Massachusetts Association of Insurance Agents President, Frank Mancini, together with some key people from his organization testified at the State House meeting last Thursday, November 12, in support of legislation that will make the ban on the use of socioeconomic factors in setting auto insurance premiums as part of State law.
Auto insurance agents in Massachusetts all agree to stop considering socioeconomic factors in auto insurance rates. According to them, consumer-friendly bans must be done to make sure that auto insurance companies are doing their part in serving clients. Most Massachusetts insurance agents believe that drivers should be judged through driving skills alone when it comes to driving insurance, and not based on credit, gender, and occupation.
According to reports, the issue on allowing companies to use credit scores in determining how much premium rates to be charged for car insurance has been creating a buzz for two years now. Then-insurance commissioner, Nonnie Burnes, was firm in changing the state into a competitive system for the first time in thirty years. When insurance commissioner Burnes announced that he was willing to approve only a twelve month ban in practicing of credit score rating policy, uproars from consumer advocates, insurance agents, and lawmakers changed the course of action. Burnes ruled a complete ban on the use of credit scores as well as other socioeconomic factors including the motorist’s profession and education level. Now, this same issue is now refueled by Massachusetts Association of Insurance Agents President, Frank Mancini.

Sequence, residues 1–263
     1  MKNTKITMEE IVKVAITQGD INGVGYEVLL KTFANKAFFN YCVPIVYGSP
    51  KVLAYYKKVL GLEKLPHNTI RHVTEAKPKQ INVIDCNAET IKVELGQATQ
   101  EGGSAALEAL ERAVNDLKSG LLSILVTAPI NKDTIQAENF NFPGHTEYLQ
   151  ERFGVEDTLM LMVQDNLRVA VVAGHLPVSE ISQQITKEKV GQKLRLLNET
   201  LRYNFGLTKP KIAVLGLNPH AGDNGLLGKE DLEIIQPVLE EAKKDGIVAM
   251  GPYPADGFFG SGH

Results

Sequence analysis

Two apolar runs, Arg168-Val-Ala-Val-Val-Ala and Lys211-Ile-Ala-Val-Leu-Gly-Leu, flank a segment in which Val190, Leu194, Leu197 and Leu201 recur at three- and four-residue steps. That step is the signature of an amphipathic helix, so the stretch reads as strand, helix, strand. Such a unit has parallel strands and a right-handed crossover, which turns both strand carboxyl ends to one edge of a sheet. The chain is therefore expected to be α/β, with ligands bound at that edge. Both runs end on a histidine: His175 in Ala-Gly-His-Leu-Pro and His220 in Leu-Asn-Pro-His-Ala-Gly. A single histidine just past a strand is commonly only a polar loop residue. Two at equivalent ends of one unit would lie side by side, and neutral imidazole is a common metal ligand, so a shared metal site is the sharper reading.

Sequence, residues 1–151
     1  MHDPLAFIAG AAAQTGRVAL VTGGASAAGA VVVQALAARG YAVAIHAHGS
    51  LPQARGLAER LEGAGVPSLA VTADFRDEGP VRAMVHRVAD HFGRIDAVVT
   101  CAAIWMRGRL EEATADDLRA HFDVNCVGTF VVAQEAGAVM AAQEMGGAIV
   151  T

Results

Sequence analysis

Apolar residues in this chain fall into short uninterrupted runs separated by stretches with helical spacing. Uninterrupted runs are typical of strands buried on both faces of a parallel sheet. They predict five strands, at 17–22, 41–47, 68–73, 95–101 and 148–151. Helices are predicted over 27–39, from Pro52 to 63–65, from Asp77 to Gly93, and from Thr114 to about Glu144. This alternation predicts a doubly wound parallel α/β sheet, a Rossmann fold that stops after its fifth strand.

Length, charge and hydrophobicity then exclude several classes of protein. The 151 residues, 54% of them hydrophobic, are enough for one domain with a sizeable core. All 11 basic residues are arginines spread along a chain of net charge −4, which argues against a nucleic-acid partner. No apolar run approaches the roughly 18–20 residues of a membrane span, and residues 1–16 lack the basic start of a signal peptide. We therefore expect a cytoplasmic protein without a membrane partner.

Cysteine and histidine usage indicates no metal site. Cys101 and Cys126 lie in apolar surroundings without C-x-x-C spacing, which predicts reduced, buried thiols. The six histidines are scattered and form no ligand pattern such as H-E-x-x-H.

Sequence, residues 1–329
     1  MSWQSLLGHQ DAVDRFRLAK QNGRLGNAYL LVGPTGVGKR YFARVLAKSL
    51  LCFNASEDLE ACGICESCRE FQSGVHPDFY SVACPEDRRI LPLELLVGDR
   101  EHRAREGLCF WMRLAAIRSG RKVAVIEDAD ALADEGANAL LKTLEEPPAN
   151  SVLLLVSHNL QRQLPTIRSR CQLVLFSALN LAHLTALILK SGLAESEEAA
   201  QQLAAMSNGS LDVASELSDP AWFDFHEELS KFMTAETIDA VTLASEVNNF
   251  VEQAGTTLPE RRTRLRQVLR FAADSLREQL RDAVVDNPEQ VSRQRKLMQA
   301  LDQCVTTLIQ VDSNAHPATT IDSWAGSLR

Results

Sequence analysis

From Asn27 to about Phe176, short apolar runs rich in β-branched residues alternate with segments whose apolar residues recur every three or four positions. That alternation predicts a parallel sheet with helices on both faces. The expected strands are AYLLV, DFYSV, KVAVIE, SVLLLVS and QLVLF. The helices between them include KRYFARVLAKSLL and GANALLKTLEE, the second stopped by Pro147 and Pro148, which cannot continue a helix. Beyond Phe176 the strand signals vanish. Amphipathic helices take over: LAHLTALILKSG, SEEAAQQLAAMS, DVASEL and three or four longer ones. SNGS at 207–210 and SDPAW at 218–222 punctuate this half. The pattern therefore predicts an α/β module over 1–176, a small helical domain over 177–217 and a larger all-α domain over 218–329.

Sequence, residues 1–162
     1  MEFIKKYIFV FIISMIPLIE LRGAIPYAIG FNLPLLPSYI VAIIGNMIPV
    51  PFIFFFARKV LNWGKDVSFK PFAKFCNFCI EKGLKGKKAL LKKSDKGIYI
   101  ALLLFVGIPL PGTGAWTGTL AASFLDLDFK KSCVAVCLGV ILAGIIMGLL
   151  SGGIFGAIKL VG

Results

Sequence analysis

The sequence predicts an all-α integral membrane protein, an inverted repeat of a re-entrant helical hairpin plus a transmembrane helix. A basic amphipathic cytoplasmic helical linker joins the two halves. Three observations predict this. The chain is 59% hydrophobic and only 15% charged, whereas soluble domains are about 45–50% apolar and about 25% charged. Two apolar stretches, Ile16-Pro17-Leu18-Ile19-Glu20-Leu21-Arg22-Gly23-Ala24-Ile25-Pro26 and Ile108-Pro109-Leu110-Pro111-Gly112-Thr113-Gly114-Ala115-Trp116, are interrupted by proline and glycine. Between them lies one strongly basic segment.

According to reports, Mancini represents an organization that wants the ban in including socioeconomic factors on auto insurance premium computations be cemented in State law. According to insurance agents, Mancini’s organization believes that motorists’ insurance premiums should be computed based on only three factors: residence, driving records, and the number of years they have been driving.
Even though other states in the US already voted in favor of using credit scores as a way to determine car insurance premiums, the state of Massachusetts is still in conflict with the issue. With a strong support from the state’s population to ban using credit scores and other socioeconomic factors, the battle seems to be a long fight that can only be decided by State lawmakers.
At this point, Massachusetts lawmakers remain silent regarding the issue. While the Massachusetts Public Interest Research Group would like to see the advancement of this legislation, State officials still debate on this issue proving very little information about the possible outcome. Burnes said in a recent interview that he is willing to wait if it means seeing a ban on what he calls an “unfair” way of computing insurance premiums.